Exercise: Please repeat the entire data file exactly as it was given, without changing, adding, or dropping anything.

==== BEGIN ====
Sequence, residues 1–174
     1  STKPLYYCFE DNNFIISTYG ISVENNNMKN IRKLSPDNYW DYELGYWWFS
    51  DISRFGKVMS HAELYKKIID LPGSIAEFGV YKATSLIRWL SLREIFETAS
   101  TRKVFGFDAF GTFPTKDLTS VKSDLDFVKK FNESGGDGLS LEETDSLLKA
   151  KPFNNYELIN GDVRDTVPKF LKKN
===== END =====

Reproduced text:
Sequence, residues 1–174
     1  STKPLYYCFE DNNFIISTYG ISVENNNMKN IRKLSPDNYW DYELGYWWFS
    51  DISRFGKVMS HAELYKKIID LPGSIAEFGV YKATSLIRWL SLREIFETAS
   101  TRKVFGFDAF GTFPTKDLTS VKSDLDFVKK FNESGGDGLS LEETDSLLKA
   151  KPFNNYELIN GDVRDTVPKF LKKN